Posted in Knitting
June 8, 2012

Win a copy of The $100 Startup / interview

I’m excited that Chris Guillebeau, author of the recently-released book The $100 Startup took some time to answer a few questions I thought some of you would enjoy. Cooperative Press is featured in this book, and it’s a great one. I have three hardback copies to give away, so read our brief interview below and then find out how you can win one!
When you started self-publishing (the Unconventional Guides, etc), did you ever suspect you’d end up publishing a book like The $100 Startup with a big publishing house? Why or why not?
Indeed, it was my original goal to write a “real book,” and the Unconventional Guides series came about somewhat organically in response to reader questions. These days I do a combination of traditional publishing and self-publishing. I don’t necessarily feel that one is better than the other; each model has pros and cons.
What have you learned from the process of publishing *this* book that you didn’t know, or weren’t aware of earlier?
One of the challenges with my first book was that it was difficult to categorize, and bookstores hate books that they can’t easily categorize. We had a strong launch and I did a 63-city tour, but it was difficult to get shelf space and national media attention.
With The $100 Startup, the promise of the book is very clear. It’s also much more specific, having the benefit of a comprehensive study based on the input of 1,500 unconventional entrepreneurs. [*ahem* cough cough, including my very own Cooperative Press –Shannon]
The first book sold about 40k copies in the first six months, which was good for a trade paperback. But contrast it with how The $100 Startup is doing so far: within the first four weeks, we’ve sold 40k copies. Overall it’s just a more concise and easy-to-grasp message, and I’m glad people are responding.
What are the three things you wish you could tell anyone who thinks they have a book waiting inside them?
1. Good for you!
2. I hope you get this book outside of yourself and into the world — in whatever format it takes.
3. Stop waiting.
Your concept of a business audit is fantastic — what are people leaving on the table when they don’t (re-)examine the opportunities that are waiting right in front of them already
They are often leaving a lot on the table, both financially and otherwise. The purpose of a self-audit is to take a higher-level look and identify what those things are. However, strictly observing something doesn’t result in change, so the more important habit is to take action on those observations.
With so many options and opportunities, people sometimes ask how to prioritize. My model is to write down the top 20 things I need to work on every day. Then, I cross out items #3 through #20… but I make sure items #1 and #2 get done.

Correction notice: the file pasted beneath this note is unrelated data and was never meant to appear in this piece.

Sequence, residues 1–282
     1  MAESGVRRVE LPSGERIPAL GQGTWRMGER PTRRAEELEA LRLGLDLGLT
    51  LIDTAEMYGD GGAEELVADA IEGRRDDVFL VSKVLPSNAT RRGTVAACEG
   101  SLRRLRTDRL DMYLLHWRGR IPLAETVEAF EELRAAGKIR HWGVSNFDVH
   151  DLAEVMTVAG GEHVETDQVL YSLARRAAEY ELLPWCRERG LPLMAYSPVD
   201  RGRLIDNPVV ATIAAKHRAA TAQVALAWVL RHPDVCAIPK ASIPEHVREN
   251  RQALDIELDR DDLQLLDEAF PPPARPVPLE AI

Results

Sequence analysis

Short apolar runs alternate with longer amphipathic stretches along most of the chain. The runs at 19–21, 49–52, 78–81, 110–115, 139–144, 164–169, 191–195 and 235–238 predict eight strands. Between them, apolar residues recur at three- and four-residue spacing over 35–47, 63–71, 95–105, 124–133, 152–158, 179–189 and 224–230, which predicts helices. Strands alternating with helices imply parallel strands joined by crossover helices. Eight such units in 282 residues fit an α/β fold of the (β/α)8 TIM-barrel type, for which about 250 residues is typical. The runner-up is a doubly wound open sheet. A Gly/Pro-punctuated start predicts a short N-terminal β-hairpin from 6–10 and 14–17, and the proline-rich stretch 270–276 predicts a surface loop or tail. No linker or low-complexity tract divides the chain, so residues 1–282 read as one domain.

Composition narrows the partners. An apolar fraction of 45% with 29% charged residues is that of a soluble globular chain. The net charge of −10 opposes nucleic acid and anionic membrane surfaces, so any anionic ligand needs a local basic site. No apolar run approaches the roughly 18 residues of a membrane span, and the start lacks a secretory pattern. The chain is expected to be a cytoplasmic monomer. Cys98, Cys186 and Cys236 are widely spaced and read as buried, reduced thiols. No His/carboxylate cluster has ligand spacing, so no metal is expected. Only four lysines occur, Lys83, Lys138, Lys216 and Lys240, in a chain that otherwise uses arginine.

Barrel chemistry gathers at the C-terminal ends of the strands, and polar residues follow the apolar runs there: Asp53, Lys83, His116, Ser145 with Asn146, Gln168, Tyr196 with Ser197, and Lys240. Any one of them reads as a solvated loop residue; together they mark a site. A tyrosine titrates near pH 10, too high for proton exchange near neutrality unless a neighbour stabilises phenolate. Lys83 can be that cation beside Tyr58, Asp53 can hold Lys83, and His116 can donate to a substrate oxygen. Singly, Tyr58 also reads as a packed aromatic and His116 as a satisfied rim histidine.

What would you say to an author or potential author who doesn’t think social media is worth his or her time?
I’d say they are in the wrong business. There’s nothing wrong with journaling or writing privately, but if you want to be an author you need to be prepared to engage with your readers. Social media isn’t the be-all, end-all—your work itself should indeed be the focus—but I don’t think you can ignore direct communication with those you hope to reach.
And really, why would you want to? For me, interacting with my readers every day is a benefit, not a task that needs checking off a list.
Thank you, Chris, for the interview.
Now it’s your turn. Do you want to win a copy of the book? Let’s make this fun. Answer one of the following questions:
1. What’s your favorite color?
2. Would you rather have Jane Austen or Napoleon over for brunch? Why?
3. Do you think woodchucks ever get tired of chucking wood?
4. Which book was your favorite when you were five years old?
5. What is the stupidest lipstick color name you’ve ever encountered?
I will pick three winners next week!

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  • Chris Guillebeau

    Hey Shannon! Thanks so much for posting this.
    I LOVE your Cooperative Press story and have been sharing it with groups all over the U.S.

    Reply to Chris Guillebeau
  • Pingback: Cooperative Press in The $100 Startup (Edit)

  • Jess

    My favorite book at that age was Blueberries for Sal – and it’s still on my book shelf today!

    Reply to Jess
  • Post authorShannon

    (Thanks, Chris! It pays to be cranky sometimes, I think… ) 😉

    Reply to Shannon
  • Peggy

    I’m picking question number four because it strikes me as the funnest question and the one I knew the answer to quickest. My favorite book when I was five years old was “Peter Pan.” And even though you didn’t ask: No, I still haven’t grown up!

    Reply to Peggy
  • Carmen

    1. Blue
    2. Jane Austen – I love P&P.
    3. Never – chucking wood is a game to them.
    4. Hop on Pop (Dr Seuss)
    5. don’t know lipstick names.

    Reply to Carmen
  • Lindsey s

    I’d go with Jane Austen. I think she’d be more pleasant company.

    Reply to Lindsey s
  • Sheila

    3. Woodchucks don’t get tired of chucking wood, but they do get sick of counting how much wood they can chuck. They really don’t understand why people keep asking them how much wood they can chuck and wish people would stop.

    Reply to Sheila
  • Audrey

    I love Chris’s advice on prioritizing! Thanks for a thought-provoking interview.
    My favorite book was “Mary Poppins”. I still like a good umbrella.